Hannover Diary, Day One
What does the future of manufacturing technology look like? I'm not sure anybody has the answer to that, but I'm going to be getting a look at a lot of possibilities in the next couple of days. I'm over in Hannover (also known as Hanover; I have no idea why they sometimes spell it with one "n", and sometimes with two), for the big German manufacturing and automation trade show known as Hannover Messe.
There aren't a whole lot of Americans over here, either exhibiting or attending, and I think I know one of the reasons why: There isn't a direct flight from any U.S. city to Hannover. Instead, you have to fly to some other city, like Amsterdam (which is what I did), or Paris, or Hamburg, or Frankfurt (which I did last year, and if I can help it, I'll never make that mistake again). Here's my "planes, trains and automobiles" nightmare from my previous visit to Hannover. I got to the Hannover airport bright (actually, it was still pitch black) and early to catch the first leg of my return flight to Cleveland. It was supposed to be relatively simple: Hannover to Frankfurt; Frankfurt to Newark; Newark to Cleveland. Didn't work out that way.
Although arriving plenty early for my flight, thanks to mechanical failures, the Frankfurt flight ended up being cancelled not delayed, just out and out cancelled. Which meant that everybody on that flight had to go through the extremely tedious process of having their flight rebooked. Hannover is a relatively small airport, and like I said, there are no direct flights to the U.S., so I got to join my fellow passengers in an extremely long and slow-moving line, waiting for our turn to find out exactly how we'd be getting home. About two hours later, I finally got to the front of the line, and after the mercifully patient and industrious clerk ran through a few dozen scenarios, she finally found me a way to get home without having to spend the night in Newark. I could instead fly to Chicagomeaning I would fly several hundred miles past Clevelandand then hitch another flight that would take me back to Chicago. The hitch in that plan was that I still had to fly out of Frankfurt, and there weren't any flights going to Frankfurt that would get me to the gate in time.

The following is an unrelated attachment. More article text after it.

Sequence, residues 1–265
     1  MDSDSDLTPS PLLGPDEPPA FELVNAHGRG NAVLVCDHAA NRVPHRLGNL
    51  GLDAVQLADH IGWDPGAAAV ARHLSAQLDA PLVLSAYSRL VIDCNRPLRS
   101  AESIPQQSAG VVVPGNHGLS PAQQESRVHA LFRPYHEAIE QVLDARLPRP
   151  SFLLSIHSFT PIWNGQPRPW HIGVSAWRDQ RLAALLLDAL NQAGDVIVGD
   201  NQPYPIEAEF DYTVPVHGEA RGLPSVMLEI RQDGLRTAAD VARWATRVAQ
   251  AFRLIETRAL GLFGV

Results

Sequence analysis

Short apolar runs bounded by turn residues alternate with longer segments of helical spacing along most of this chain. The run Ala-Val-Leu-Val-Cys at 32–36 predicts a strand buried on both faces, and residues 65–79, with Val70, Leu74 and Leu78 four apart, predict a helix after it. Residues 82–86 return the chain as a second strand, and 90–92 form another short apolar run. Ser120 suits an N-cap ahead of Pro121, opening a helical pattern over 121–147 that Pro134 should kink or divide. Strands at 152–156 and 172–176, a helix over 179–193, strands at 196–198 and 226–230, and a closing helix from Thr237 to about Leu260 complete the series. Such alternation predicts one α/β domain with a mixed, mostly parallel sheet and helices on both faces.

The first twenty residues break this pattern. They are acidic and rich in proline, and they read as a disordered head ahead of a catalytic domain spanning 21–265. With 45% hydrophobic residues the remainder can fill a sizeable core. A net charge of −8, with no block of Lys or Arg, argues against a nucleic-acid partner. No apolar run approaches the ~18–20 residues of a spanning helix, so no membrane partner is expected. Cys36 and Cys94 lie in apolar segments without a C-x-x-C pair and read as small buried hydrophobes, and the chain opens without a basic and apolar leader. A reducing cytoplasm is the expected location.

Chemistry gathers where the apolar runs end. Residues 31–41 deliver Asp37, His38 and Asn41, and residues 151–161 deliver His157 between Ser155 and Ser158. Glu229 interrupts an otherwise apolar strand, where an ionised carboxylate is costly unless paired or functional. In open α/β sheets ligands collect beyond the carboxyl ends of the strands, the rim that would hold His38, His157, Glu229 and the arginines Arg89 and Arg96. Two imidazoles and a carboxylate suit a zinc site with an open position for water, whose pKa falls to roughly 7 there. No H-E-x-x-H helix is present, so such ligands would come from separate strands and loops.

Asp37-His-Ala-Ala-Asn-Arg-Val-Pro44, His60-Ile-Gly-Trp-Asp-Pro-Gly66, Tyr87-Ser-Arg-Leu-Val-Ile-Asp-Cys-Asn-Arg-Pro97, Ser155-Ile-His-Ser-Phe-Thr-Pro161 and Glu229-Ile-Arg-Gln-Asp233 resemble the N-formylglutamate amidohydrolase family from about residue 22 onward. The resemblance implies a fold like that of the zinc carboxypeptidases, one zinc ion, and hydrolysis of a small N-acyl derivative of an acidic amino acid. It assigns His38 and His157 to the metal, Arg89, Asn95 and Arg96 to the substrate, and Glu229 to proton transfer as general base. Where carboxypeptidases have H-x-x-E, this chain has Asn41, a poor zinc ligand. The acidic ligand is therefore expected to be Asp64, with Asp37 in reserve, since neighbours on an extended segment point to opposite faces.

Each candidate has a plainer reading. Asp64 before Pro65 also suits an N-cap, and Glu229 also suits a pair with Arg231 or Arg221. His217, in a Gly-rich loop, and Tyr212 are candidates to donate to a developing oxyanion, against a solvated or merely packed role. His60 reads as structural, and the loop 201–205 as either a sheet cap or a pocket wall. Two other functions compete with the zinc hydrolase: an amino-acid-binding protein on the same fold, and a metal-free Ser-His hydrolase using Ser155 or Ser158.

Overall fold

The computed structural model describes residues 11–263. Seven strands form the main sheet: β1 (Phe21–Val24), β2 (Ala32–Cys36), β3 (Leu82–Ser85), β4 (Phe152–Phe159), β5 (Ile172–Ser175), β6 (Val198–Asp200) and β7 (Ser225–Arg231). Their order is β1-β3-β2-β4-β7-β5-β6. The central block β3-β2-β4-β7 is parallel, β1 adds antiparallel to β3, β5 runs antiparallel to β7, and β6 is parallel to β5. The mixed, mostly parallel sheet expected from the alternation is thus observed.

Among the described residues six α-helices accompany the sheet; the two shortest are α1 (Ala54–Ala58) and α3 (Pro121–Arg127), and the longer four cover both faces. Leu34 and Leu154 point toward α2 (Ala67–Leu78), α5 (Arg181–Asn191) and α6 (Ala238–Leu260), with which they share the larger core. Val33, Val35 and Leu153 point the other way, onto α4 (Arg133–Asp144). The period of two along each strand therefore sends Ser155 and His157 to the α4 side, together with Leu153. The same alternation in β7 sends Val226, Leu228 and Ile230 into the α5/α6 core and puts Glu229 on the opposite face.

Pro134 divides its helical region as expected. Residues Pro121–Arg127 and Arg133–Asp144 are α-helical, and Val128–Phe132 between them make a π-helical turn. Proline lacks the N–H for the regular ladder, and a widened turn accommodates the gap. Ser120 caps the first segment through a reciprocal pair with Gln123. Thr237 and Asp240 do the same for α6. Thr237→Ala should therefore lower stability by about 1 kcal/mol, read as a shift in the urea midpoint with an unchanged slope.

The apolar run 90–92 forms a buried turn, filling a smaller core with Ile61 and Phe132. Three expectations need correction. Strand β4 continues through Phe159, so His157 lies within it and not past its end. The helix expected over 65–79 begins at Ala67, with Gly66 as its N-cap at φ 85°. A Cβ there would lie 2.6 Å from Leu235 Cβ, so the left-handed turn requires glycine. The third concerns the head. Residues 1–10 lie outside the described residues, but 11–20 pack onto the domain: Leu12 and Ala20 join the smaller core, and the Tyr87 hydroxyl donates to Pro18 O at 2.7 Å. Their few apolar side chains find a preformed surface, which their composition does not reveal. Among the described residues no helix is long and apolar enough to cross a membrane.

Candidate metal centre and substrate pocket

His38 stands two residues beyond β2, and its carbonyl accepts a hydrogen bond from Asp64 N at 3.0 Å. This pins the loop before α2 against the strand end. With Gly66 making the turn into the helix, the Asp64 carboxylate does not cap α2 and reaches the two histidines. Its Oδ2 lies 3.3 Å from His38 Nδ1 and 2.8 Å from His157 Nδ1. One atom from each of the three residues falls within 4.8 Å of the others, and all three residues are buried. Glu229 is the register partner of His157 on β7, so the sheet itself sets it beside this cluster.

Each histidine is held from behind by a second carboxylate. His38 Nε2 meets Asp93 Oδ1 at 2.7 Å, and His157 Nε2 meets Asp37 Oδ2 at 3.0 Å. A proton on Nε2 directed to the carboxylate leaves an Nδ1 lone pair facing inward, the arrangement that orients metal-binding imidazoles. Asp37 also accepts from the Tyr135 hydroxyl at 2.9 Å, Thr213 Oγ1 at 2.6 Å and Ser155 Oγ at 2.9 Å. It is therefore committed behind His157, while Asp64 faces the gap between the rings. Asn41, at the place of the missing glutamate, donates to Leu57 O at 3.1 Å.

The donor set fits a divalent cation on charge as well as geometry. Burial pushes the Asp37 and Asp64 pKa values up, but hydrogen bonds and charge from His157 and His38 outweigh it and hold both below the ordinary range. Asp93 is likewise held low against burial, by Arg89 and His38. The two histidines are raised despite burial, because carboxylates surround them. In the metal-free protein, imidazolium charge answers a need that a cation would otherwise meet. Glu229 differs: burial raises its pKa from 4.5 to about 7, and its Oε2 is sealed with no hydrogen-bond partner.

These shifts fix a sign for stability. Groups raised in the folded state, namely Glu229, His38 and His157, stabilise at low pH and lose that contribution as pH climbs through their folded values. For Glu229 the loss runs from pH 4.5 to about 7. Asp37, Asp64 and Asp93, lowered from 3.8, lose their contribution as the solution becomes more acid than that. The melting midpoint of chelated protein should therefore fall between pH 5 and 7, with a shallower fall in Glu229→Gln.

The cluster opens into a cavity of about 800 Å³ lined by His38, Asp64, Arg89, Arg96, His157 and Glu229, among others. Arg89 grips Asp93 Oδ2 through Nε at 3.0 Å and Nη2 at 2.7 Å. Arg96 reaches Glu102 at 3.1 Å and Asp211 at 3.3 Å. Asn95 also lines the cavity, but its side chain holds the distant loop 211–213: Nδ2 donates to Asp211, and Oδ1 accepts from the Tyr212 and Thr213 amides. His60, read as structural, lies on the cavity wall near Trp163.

So insteadand I'll give the clerk a lot of credit for being resourcefulshe hired a cab and had the cabbie drive me to the Hannover train station. Once I got there, I hopped a train that would get me to Frankfurt in about two hours, which would be just about enough time to make the flight. Except that going through the Frankfurt airport is a wee bit different than going through Hannover. The security line in Hannover (which, as you'll recall above, I originally went through at about 5:30 am), took me about 10 minutes to get through; in Frankfurt, in the middle of the afternoon, not only did I have to wait in an interminable line to go through security, and then go through Customs, but then I had to go through security yet ANOTHER time. Yeesh! But, somehow, I made the flight and I did indeed land in Cleveland the same day I left Germany (if 11:58 pm counts as the same day), although it was about eight hours later than originally scheduled. So needless to say, the idea of flying into or out of Hannover isn't high on my list of "favorite things to do." I'll have to admit that my inbound flights yesterday were uneventful; I hope I'm not jinxing my outbound flights later in the week, though.
Anyways, I'll give you the rundown on some of the more interesting applications of technology at the Hannover Messe in the coming days, once the show gets going. The Germans, by the way, take this event very, very seriously, to the extent that the Chancellor herself, Angela Merkel, is speaking at the opening reception. The Chancellor is not expected to discuss what she is most famous for, as far as U.S. citizens go: the famous/infamous back rub from President Bush.
Shinzo Abe, former prime minister of Japan, is also speaking (Japan is co-hosting Hannover Messe this year). Abe is not expected to discuss why he left office after only one year.
What is expected to be discussed at the trade show are some rather unusual applications of technology, some practical, some novel, some just downright quirky. For instance, there's supposed to be something called a bionic jellyfish that demonstrates energy efficiency; a nanotech compound that combines diamonds with plastics; RFID tags that can track individual grains; and a soccer match between robots.